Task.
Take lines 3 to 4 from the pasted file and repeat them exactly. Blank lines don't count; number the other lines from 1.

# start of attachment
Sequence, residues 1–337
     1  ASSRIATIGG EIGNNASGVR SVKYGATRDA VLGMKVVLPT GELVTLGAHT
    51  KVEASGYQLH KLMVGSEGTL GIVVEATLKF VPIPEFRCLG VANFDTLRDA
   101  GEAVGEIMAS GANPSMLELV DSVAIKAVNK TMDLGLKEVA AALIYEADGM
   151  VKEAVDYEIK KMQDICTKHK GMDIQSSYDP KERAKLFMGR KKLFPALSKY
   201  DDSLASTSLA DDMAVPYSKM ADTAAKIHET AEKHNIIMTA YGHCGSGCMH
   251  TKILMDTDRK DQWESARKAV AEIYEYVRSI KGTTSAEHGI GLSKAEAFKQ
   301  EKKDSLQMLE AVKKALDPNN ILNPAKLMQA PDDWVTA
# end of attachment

    51  KVEASGYQLH KLMVGSEGTL GIVVEATLKF VPIPEFRCLG VANFDTLRDA
   101  GEAVGEIMAS GANPSMLELV DSVAIKAVNK TMDLGLKEVA AALIYEADGM